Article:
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Fulbright Scholar Teaches Swahili at Fayetteville State University

Fulbright Scholar Diana Carole Awuor

Fulbright Scholar Diana Carole Awuor

Sharing her culture and way of life in Kenya while learning about other cultures of students studying in America brought Diana Carole Awuor to Fayetteville State University.

"I decided to come to the United States because actually I know it is the world super power and I've always wanted to have some kind of cultural exchange, go to another country or meeting people from other countries. So I've come at least to learn more about the United States and to share my culture and my way of life and our education with the people of the United States. So I am here on a Fulbright scholarship. I am a Fulbright foreign language teaching assistant. I'm teaching Swahili at Fayetteville State University."

That is Diana Awuor and while she is teaching Swahili at Fayetteville State Uuniversity she says many students are just as interested in her country as much as learning the language. "What the students yearn to know actually it is not about the Swahili, they ask me so many questions about the country I come from. You see the American president right now his father is from Kenya so most of the time the students will ask me, 'Is that the country where our president's father was from?' I tell them yes. Then another student asks 'So which tribe are you from?' I tell them I am from the Luo tribe."

"Other questions from my students have been 'So that means you are from that tribe,' 'How do you marry?' 'How do you conduct your weddings?' 'Do you go out on vacations?' I realize the students here just want to know how the world outside there is and another funny thing one of my students asked me, 'Is it true you people when you walk you can meet wild animals like lions and stuff like that?' I tell them the lions and wild animals are in the game reserve. They're in the game park. You cannot walk and meet them. Kenya is a country just like America and like any other country. Life there is normal. The teaching is interesting."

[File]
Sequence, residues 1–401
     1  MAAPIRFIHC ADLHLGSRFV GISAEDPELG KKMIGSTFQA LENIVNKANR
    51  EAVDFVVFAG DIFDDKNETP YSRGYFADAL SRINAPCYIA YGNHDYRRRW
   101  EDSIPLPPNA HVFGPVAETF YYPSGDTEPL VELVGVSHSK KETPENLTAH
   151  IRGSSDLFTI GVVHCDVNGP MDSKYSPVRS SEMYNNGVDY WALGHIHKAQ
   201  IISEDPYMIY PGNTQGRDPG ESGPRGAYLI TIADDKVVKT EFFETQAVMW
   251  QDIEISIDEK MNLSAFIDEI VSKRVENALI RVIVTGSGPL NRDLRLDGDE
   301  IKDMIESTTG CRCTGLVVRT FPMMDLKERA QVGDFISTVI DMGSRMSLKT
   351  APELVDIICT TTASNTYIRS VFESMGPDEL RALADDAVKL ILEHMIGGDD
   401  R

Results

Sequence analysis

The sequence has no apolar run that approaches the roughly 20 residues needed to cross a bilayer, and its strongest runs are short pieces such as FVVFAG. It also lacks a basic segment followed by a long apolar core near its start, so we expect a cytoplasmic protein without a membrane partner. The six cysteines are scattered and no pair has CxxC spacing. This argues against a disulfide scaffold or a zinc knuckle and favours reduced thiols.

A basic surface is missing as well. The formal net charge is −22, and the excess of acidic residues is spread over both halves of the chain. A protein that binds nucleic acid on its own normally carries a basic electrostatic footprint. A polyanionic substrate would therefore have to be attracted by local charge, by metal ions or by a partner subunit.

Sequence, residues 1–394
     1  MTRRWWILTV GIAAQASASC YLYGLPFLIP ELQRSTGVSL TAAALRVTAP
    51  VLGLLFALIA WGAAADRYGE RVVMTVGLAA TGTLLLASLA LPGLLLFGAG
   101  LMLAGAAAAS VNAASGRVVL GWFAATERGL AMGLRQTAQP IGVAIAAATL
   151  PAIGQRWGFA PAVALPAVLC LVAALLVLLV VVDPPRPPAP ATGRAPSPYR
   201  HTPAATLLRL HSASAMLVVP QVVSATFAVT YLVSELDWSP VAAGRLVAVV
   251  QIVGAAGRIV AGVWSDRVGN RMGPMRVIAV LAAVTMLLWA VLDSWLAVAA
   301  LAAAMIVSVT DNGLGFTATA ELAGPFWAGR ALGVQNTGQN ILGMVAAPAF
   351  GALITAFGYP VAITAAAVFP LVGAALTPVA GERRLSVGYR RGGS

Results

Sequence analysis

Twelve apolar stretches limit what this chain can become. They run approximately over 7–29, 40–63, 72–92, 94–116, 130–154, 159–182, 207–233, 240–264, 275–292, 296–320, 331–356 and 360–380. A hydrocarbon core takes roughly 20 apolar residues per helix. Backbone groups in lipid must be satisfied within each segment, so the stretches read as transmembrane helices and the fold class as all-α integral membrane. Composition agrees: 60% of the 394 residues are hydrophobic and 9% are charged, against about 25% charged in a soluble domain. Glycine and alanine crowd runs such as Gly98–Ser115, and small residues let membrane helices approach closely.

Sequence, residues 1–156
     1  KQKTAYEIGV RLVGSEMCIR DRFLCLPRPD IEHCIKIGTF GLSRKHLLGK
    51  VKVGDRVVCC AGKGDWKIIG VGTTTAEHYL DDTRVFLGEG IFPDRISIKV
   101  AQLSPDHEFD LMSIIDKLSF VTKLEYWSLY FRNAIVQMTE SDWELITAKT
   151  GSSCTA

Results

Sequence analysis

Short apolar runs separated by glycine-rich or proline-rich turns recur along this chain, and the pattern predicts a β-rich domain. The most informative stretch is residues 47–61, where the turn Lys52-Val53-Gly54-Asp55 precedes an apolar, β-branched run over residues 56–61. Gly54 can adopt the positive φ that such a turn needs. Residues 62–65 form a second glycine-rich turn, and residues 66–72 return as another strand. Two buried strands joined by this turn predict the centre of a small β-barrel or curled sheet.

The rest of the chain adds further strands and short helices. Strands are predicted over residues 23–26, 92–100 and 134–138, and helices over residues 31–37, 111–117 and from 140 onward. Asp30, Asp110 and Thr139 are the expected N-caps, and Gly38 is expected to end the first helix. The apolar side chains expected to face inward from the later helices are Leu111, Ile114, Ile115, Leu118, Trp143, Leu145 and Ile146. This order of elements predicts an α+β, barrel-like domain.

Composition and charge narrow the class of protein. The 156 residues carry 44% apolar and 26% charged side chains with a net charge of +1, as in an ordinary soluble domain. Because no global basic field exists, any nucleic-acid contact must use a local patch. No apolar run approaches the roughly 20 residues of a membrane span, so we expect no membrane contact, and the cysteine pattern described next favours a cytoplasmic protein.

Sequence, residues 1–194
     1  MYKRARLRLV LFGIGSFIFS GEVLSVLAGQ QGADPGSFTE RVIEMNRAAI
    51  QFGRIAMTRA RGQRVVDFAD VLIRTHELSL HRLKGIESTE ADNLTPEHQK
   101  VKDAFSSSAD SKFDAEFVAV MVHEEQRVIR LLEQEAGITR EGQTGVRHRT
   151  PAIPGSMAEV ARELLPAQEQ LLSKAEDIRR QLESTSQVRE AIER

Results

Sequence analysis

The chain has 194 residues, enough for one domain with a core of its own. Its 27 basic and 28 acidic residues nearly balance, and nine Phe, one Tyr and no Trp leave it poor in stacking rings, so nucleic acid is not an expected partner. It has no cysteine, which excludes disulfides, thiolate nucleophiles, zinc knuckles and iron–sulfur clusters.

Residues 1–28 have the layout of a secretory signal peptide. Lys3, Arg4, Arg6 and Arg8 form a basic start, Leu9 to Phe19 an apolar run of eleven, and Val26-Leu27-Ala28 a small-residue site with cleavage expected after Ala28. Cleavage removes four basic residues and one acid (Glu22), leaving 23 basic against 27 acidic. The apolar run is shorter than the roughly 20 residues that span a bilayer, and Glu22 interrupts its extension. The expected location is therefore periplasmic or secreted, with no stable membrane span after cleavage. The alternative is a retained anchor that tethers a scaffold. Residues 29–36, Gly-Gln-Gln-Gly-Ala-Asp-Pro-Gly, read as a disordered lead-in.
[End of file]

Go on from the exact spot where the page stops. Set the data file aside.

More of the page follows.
Diana says learning about the culture here has been good, but there is one thing when it comes to the education system in the U-S which she truly loves. "I've noticed that different cultures in terms of greeting and the way people refer to each other you see when you talk to somebody you have to either use the 'Dr', the 'Ms.', the 'Mrs.' you can not just call somebody by the name and the way they treat ladies just astounded me. They respect and are courteous to the ladies. When I am going into the store, a man will stand there and open the door for me. Let me go in and let me go out. It's really interesting."

"But what I've noticed and experienced about the education here, the education in America is not that different from the education in Kenya. We have the 8-4-4 system. We have eight years in primary school. Four years in high school and four years at the college level. So I've come here and I've realize that in America you have year one to year eight which is the primary. Year nine to year eleven which is the high school and then you go to the university. So actually the education system is almost the same as ours," she says. "But what I love most is how transparent an instructor has to be with the student because actually everybody's right is respected in America. That is quite different in my country and I am so sorry to say that because in my country you don't get an answer where a professor or a teacher would have to explain to a student how the student got that grade. In my country they sit and we give you the skeleton, but you have to go look for the flesh. You have to look for the whole thing," she says.

"So my students study so hard, study so widely but they need a syllabus but here you have to be transparent in my Swahili lessons. I have to tell them these are the books we are using, this is where I am going to accept the examinations from, this is how your grading is going to be and I love that."

Diana will return home in May. One favorite Swahili saying she believes in is "Mtaka cha mvunguni, sharti ainame". Mtaka means whoever wants/needs. Cha mvunguni means that which is under the bed. And when you say sharti ainame means you have to bend it down.

Thus, the saying is that if you want something that is under the bed you have to bend. You cannot pick the thing while you are standing. Whoever needs that which is under the bed has to bend. Nothing comes easy in life, hard and determination pays. The sky is never the limit, strive to go way over the skies.You have to move and go under the bed and pick it. It is high time we bend and get what we want."